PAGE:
Breach notification letters must be sent via first class post, although in cases where individuals have agreed to receive communications via email, this is an acceptable means of communication. The notification letters – or emails – must include details of the breach, the information that was potentially exposed, a description of the actions taken by the company in response to the breach, information on the efforts made to mitigate damage or loss and the actions which can be taken by individuals to mitigate risk.

Breach Notification letters must be sent if the healthcare provider, Health Plan, Business Associate or other covered entity can show that there is a risk that PHI has been viewed, or could potentially be viewed. Breach notification letters can be issued without a risk assessment having first taken place, although the decision not to send notification letters should only be made after a thorough risk assessment has been performed. This must include the following points:

  • The type of data exposed and the likelihood of a patient or plan member being identified from the data
  • The person who has accessed the data and to whom they have disclosed information
  • The probability of PHI being accessed, viewed and/or shared
  • The extent to which any potential damage has been mitigated

If a portable device or desktop computer has been lost or stolen, it is only considered a HIPAA breach – and therefore only requires breach notification letters to be sent – if the PHI contained on the device, or accessible through it, is unencrypted. In the case of loss or theft of encrypted devices, breach notification letters only need to be sent if the security key was also lost or stolen.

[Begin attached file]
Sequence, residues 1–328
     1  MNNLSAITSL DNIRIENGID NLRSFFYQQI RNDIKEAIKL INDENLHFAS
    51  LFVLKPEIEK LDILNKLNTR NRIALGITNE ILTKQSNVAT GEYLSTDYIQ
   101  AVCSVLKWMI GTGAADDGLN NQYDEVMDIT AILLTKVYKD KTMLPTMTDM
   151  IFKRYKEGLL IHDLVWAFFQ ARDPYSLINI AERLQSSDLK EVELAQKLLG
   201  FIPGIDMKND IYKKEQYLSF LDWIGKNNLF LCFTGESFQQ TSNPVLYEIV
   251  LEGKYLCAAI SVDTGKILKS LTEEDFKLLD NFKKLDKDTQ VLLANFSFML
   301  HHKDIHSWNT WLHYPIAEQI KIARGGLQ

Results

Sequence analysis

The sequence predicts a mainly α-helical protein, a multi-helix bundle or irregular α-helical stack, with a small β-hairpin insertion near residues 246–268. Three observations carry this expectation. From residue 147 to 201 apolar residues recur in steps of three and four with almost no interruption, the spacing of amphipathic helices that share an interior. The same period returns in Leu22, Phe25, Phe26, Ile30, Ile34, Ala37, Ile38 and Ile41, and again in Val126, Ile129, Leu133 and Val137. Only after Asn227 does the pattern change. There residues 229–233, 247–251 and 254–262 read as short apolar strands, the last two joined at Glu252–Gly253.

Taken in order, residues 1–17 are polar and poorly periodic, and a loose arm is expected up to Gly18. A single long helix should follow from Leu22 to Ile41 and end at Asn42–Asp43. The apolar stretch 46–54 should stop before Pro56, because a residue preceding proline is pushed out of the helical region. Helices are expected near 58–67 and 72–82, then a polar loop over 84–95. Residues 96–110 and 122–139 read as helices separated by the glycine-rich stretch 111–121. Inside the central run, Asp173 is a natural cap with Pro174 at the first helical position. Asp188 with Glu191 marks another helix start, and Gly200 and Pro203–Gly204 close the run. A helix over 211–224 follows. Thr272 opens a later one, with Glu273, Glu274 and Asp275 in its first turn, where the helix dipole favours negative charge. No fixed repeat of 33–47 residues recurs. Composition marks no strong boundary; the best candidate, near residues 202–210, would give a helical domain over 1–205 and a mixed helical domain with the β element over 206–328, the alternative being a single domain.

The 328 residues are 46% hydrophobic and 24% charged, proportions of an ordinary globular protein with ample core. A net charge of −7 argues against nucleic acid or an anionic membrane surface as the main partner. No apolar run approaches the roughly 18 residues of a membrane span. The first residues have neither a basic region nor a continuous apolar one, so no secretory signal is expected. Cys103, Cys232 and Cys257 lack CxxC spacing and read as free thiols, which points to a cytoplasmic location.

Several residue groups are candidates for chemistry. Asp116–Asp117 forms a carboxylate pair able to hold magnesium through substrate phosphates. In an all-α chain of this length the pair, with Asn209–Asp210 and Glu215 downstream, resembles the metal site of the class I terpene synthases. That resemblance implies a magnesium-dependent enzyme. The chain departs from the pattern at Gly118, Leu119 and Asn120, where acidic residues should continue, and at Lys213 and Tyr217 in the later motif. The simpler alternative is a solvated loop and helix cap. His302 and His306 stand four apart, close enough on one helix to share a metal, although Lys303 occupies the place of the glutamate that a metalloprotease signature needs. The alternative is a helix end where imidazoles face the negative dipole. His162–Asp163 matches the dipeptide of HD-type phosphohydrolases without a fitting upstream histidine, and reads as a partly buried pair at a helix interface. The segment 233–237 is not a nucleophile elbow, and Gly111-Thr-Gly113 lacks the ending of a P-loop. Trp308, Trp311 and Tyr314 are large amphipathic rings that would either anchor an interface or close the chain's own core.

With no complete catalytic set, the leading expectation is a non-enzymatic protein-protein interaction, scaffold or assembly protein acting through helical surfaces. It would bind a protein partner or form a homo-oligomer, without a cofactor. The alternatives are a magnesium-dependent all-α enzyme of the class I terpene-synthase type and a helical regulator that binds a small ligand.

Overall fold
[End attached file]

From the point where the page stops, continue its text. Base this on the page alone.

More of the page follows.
N.B. Password protection is not the same as data encryption. In the case of loss or theft of devices containing password protected PHI, breach notifications will still need to be issued.

Documentation of Actions Taken

All covered entities must maintain a record of the actions taken following a breach, as these may be required by OCR auditors. The HIPAA Breach Notification Rule requires details of the breach notification letters that have been sent to be recorded, along with evidence that they have indeed been sent.

If breach notification letters are deemed not to be necessary, the reason for this decision, along with evidence to support it, must be documented.

Penalties for HIPAA Breach Notification Rule Violations

The failure to issue breach notification letters within 60 days of the discovery of a breach is a violation of the HIPAA Breach Notification Rule and can attract a penalty from OCR and state attorneys general. The maximum penalty for non-compliance is $1.5 million, per violation category, per calendar year.

While the HIPAA Breach Notification Rule stipulates notifications must be issued within 60 days of the discovery of a breach, unnecessarily delaying breach notifications is also a violation of the HIPAA Breach Notification Rule and could attract a financial penalty. The HIPAA Breach Notification Rule says notifications must be issued “without unreasonable delay.”

In 2017, OCR took the decision to pursue a case against Presense Health for delaying the issuing of breach notification letters. Presense Health discovered the breach on October 22, 2013, yet OCR was notified on January 31, 2014 – more than a month after the 60-day HIPAA Breach Notification Rule deadline had passed. Presense Health settled the case for $475,000.

Further information on the HIPAA Breach Notification Rule

More detailed information on the HIPAA Breach Notification Rule can be found on the HHS website

Author: Steve Alder is the editor-in-chief of HIPAA Journal. Steve is responsible for editorial policy regarding the topics covered on HIPAA Journal. He is a specialist on healthcare industry legal and regulatory affairs, and has several years of experience writing about HIPAA and other related legal topics. Steve has developed a deep understanding of regulatory issues surrounding the use of information technology in the healthcare industry and has written hundreds of articles on HIPAA-related topics.